It's almost never too early to start. I've seen empathy in 18-month-olds, who will put down a toy and waddle over to help a hurt or crying toddler. Usually by age 3, children have the language skills and ability to reach out to others. Once you sense that development in your child, you can include him in your charitable activities.
As you'll see, giving doesn't have to be a grand gesture to be effective — you don't have to "save the world." Charity also doesn't have to be "medicine." It can be exciting and creative. Here are some age-appropriate ideas for contributing as a family:
Ages 3 to 5
- Develop a birthday-donation habit. Encourage your birthday boy to think about someone else by making a donation. (Don't choose one of his gifts — that's like a punishment.) To help him select a charity, ask, "What did you enjoy doing this past year?" or "What makes you happy?" You may find he wants to support Sesame Street or loves a certain kind of stuffed animal that he would like to donate to an orphanage.
- Make sandwiches for a homeless shelter. Call a local shelter and ask what they need. After making the sandwiches, decorate the bags and box. Introduce your child to the shelter director (to receive his or her thanks) and take joy in watching hungry people eat your gifts.
- Make cookies for the VFW on Memorial Day. Talk to some veterans there and share stories at home about family members' military service.
Ages 6 to 9
- Ask your children to join you on a walk-a-thon for breast cancer research or another medical or community need.
- Create a charity jar in which your child can place part of her allowance each week until the jar is full. Then choose a charity for donation. To encourage your child's participation, empower her by giving her a choice of which charity she'd like to help.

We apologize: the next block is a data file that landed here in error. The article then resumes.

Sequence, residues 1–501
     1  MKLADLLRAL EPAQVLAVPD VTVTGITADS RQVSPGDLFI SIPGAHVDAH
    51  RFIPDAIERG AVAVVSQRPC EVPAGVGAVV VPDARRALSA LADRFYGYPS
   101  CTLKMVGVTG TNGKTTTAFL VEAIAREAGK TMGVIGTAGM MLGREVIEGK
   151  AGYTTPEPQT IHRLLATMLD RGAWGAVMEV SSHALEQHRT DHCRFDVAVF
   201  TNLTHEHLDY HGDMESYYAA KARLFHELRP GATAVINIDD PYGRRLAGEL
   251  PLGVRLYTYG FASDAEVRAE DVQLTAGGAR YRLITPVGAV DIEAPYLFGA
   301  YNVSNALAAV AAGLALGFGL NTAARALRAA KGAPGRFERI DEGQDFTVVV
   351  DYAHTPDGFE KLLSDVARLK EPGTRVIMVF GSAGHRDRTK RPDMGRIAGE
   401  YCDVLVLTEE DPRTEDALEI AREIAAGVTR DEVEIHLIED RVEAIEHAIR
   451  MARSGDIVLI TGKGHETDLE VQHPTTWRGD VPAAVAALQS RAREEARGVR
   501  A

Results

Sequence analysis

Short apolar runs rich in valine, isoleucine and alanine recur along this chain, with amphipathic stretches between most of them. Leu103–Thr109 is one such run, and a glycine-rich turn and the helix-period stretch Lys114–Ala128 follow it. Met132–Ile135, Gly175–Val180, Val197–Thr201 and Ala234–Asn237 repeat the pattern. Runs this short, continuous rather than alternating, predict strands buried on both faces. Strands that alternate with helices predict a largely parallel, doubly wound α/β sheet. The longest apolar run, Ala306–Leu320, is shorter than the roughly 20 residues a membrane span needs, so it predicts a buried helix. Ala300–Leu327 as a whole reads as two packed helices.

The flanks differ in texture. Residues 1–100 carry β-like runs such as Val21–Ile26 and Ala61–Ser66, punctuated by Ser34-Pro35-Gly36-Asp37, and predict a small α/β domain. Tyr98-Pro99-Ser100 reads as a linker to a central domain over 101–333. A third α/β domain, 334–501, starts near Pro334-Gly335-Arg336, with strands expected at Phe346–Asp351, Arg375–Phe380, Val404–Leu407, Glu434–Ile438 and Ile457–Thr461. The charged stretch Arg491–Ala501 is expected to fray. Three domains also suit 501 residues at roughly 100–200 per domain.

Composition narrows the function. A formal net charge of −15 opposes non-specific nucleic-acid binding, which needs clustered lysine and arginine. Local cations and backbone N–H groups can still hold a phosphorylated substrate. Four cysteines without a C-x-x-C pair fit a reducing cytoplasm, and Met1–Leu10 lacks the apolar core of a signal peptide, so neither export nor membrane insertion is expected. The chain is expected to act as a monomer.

- Pick up trash in the park just the two of you or with a group such as a Boy or Girl Scout troop.
- Write a letter to a soldier stationed in Iraq or Afghanistan.
- Help out an animal shelter. Children naturally love dogs and cats, and they can volunteer to help groom the animals or clean cages. Adopting a shelter pet as a family is a powerful lesson in nurturing.
Ages 10 to 14
- Encourage your children to work creatively with their friends to produce an "American Idol" or "America's Got Talent!" show to take to a local nursing home or senior center.
- Accompany a charitable agency while it delivers blankets to the homeless on a cold winter night. Your children will be stunned by their face-to-face encounters with poverty, and their appreciation and gratitude for what they have will increase dramatically.
- Ask your child to research charitable organizations online that deal with issues that interest him. You might suggest hunger, global warming, conservation, refugee camps, and so on. Which does he consider the best in terms of outreach, focus, or use of funds? As a family, listen to his rationale. Encourage him to use a percentage of his allowance to support that organization — enough to receive newsletters and email updates to learn how it fulfills its mission.
- Put your child in charge of household "collection." Ask her to sift through the family's closets and belongings (with everyone's permission, of course) to choose unused goods for a thrift store or Goodwill.
A Lifetime of Memories
For a child to become a cheerful, charitable giver, consistency and commitment are key. Try different volunteer efforts, and experiment until you find a good fit for his skills and interests. When you see him enjoying the fruit of his efforts, encourage him to continue. He'll experience the long-term benefits of involvement and learn firsthand that positive change in people, places, and policies takes time, persistence, and passion.
Based on my own experience with my now-adult sons, I can affirm that developing the good habit of charitable giving will become central to your best family memories and celebrations.